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The purpose of this book is to show what the experimental approach to the understanding of social behavior of human beings has yielded and what it may rightfully be expected to yield. There is no doubt that the authors have fully accomplished their purpose, for it is at once a sane, if not too long, presentation; there are 709 pages.
It is divided into three parts headed: "Basic Principles," "A Genetic Study of Social Behavior" and "General Laws of Social Interaction in Our Own Society." At the end of each chapter there are a bibliography, an author's index and a subject index. The book is too long for review. It is, however, welcome for its sanity and the completeness of its presentation.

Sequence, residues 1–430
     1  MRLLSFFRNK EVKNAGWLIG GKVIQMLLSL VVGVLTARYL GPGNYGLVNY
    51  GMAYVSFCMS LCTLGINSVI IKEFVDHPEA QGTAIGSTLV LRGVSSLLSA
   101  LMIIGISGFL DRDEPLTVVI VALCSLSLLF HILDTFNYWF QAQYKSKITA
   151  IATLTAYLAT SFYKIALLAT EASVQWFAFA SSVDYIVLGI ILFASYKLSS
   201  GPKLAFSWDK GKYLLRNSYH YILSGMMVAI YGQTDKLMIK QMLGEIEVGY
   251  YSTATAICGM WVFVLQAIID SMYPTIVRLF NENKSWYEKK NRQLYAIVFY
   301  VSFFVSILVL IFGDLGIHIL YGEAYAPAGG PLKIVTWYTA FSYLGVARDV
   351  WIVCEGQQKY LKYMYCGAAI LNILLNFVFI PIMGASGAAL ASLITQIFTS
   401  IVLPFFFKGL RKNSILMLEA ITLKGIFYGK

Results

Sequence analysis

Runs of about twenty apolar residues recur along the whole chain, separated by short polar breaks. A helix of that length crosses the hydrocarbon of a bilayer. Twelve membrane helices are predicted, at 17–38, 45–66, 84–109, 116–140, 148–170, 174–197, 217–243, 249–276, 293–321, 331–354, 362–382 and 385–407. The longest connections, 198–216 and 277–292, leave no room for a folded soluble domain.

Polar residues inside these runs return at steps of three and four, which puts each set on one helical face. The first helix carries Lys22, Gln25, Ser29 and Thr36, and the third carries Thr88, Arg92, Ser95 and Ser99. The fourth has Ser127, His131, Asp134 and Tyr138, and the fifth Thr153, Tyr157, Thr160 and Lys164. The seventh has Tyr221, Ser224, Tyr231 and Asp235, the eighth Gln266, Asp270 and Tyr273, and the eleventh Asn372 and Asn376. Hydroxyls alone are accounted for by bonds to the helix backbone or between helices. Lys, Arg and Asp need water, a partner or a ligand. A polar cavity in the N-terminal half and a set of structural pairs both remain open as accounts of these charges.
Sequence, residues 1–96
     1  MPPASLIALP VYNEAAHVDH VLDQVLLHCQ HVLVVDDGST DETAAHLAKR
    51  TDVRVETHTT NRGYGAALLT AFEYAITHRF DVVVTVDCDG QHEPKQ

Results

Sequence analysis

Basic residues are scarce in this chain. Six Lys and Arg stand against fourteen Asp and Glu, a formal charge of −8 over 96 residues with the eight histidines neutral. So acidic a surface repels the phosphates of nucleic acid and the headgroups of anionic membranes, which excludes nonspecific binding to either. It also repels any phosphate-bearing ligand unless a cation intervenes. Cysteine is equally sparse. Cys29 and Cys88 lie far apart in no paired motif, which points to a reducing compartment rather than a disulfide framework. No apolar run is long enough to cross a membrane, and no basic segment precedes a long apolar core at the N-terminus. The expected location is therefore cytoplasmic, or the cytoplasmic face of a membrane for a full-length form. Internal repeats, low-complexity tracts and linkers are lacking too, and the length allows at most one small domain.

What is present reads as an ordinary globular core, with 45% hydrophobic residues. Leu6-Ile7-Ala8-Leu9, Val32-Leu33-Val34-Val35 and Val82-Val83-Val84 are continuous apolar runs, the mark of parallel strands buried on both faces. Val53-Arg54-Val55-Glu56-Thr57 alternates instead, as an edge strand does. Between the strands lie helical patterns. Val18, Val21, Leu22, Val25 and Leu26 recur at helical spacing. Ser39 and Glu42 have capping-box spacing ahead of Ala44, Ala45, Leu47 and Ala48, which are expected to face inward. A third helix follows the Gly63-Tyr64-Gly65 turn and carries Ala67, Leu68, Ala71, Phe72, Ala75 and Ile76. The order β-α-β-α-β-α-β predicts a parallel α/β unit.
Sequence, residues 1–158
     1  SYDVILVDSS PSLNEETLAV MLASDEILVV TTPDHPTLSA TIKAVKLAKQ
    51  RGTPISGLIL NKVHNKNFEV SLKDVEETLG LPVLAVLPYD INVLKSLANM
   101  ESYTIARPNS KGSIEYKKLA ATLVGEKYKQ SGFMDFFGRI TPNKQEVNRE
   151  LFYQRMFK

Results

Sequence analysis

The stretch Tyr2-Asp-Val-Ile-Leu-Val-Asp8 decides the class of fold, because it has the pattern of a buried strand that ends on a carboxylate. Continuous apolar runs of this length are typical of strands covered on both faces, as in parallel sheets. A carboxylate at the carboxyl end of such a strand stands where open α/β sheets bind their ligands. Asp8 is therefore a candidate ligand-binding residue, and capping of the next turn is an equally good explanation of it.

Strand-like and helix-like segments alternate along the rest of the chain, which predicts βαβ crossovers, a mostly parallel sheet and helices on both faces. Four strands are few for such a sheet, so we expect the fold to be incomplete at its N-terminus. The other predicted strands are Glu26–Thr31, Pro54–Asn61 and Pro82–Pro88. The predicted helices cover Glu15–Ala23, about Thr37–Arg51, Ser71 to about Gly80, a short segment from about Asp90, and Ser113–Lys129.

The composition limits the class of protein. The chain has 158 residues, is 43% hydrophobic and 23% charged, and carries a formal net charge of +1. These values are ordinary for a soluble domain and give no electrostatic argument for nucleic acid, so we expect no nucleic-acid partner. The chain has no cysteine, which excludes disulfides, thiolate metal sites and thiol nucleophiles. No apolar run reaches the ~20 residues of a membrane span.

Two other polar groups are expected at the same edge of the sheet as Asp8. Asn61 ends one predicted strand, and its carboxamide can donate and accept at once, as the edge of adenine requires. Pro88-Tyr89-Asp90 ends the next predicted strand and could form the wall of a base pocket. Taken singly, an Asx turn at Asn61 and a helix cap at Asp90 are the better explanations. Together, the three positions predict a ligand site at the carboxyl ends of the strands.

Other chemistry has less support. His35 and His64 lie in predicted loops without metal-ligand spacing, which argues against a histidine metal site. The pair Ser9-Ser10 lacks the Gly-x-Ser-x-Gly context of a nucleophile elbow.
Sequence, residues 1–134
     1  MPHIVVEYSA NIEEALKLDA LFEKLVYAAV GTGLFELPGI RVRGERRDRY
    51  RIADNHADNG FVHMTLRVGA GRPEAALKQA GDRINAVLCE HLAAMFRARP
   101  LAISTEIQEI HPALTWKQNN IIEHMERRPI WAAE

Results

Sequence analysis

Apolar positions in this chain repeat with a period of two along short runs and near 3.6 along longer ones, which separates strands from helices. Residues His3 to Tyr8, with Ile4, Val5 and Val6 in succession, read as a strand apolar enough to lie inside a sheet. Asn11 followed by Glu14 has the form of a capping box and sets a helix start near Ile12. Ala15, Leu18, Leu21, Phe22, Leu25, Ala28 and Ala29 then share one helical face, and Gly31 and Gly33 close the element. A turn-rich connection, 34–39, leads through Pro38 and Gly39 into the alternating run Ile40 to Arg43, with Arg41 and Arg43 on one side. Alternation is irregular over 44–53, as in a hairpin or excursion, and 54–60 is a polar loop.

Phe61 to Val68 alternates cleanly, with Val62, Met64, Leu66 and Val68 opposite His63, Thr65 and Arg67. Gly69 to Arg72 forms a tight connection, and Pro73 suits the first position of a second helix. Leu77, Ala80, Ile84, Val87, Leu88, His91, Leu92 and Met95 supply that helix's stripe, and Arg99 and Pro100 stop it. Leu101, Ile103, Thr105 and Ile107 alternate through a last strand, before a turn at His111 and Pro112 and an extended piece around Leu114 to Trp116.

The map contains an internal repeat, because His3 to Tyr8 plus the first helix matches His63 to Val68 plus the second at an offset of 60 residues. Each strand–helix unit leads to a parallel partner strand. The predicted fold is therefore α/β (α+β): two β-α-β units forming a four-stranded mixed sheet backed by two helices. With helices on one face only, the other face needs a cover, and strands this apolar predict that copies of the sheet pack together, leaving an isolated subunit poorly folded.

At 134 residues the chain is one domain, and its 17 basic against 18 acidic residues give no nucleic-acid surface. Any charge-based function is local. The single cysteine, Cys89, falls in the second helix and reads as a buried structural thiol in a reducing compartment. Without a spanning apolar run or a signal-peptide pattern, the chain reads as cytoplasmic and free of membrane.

Experimental Social Psychology. Arch NeurPsych. 1932;27(6):1512–1513. doi:10.1001/archneurpsyc.1932.02230180241023
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